- The Washington Times - Wednesday, October 26, 2005

Funding for public housing

Regarding Peter Ferrara’s article “Spending crisis curve” (Commentary, Oct. 20): While responsible spending levels in social programs are a legitimate area of inquiry, I must take issue with Mr. Ferrara’s identification of public housing as one of three main federal welfare programs responsible for what he sees as excessive federal budget outlays.

Rather than increasing, funding for public housing (supplied annually to public housing agencies as operating, capital and revitalization funding) actually has decreased over the past five years (2001 through 2005). The decrease over this period in absolute dollars is 9.7 percent. Adjusted for inflation, the decrease is a more dramatic 19.6 percent. Compare this with other funding trends in the federal budget. Local public housing agencies, which have the responsibility for successfully operating public housing, would applaud a predictable adjustment in their annual funding that approximates inflation.

The public-housing program is much smaller than Mr. Ferrara perceives it to be. In fiscal 2005, total federal funding to local housing authorities for public housing was approximately $6.1 billion. The entire outlay for public housing thus represents a minuscule fraction — about one-fifth of 1 percent — of an overall federal budget of nearly $3 trillion. Common sense would indicate that even elimination of this funding could not possibly have a material effect on the spending phenomenon Mr. Ferrara’s article decries.

Block-granting the public-housing program is not feasible without statutory public-housing regulatory reform, particularly “rent reform.” Under federal law, public housing authorities (PHAs) are not allowed to charge their public-housing tenants more rent than a fractional share of the tenants’ incomes. They also are required to provide utilities allowances. Unlike owners of market-rate real estate, PHAs cannot meet their expenses simply by raising rents or passing along utilities’ rate increases. Fixing subsidies by block-granting public-housing operating funding would require a statutory redesign of the program. Though this well may be worth exploring, until such program redesign occurs, block-granting of the public-housing operating subsidy is simply not workable.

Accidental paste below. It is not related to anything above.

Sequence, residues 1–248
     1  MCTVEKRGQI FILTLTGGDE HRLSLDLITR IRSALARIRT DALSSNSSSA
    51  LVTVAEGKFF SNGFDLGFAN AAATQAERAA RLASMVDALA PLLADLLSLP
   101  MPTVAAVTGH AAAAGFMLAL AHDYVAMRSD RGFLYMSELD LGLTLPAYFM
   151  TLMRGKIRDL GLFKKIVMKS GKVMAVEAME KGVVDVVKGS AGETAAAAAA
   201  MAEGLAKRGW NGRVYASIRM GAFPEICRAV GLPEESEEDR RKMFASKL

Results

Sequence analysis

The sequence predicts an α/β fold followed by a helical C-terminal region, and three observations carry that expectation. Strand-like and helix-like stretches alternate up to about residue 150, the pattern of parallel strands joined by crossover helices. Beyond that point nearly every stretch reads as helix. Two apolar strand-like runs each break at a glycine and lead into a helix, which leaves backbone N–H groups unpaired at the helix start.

Executive director

National Association of Housing and Redevelopment Officials


And it comes with reserved parking

As a frequent Flexcar user, I can only cite benefits of the program to the city as a whole (“D.C. saves spots for car-rental parking,” Page 1, Monday). As a result of forward-thinking companies like Flexcar, fewer people need to have cars in the metro area thanks to car-sharing practices. This means fewer people vying for parking spaces, less street congestion and less pollution. Flexcar is the newest tailored form of public transport. Public transport is advantageous to the residents of a community and the environment. I have lived in two of the most parking-challenged areas of the city — Dupont and Columbia Heights. Since joining Flexcar, I have never once considered buying a car. One car-sharing spot actually removes several other cars from the neighborhood.

So, instead of criticizing the city for taking a spot away from the neighborhood, people who own cars and businesses should be praising the city for actually increasing the number of parking spots for everyone.



Progress through, not around, stem cell

The Oct. 17 article “Studies create stem cells, keeping embryo intact” (Nation) makes one fact abundantly clear: The United States has exceptional scientists who can lead the world if given the opportunity.

Faced with a restrictive federal policy, the scientists in your article have created new, though still experimental, methods for creating embryonic stem cells without embryos. However, as your article makes clear, some critics of this research do not approve of these new methods either.

While the new methods advance embryonic science, they do not actually move us fundamentally closer to finding cures for disease. Imagine, though, if our best embryonic scientists could devote their full energy, creativity and intelligence to finding cures, not policy work-arounds.

Our nation’s scientific policy should support researchers’ efforts to find cures using currently available stem cell lines even as the alternative methods are further developed. Doubtless some will always oppose this research, but it has the backing of a majority of Americans and a bipartisan majority in Congress. Our scientific community has shown itself worthy of the challenge — and focused on the ethics. We should reward our scientists with a more rational policy that lets them do what they do best.



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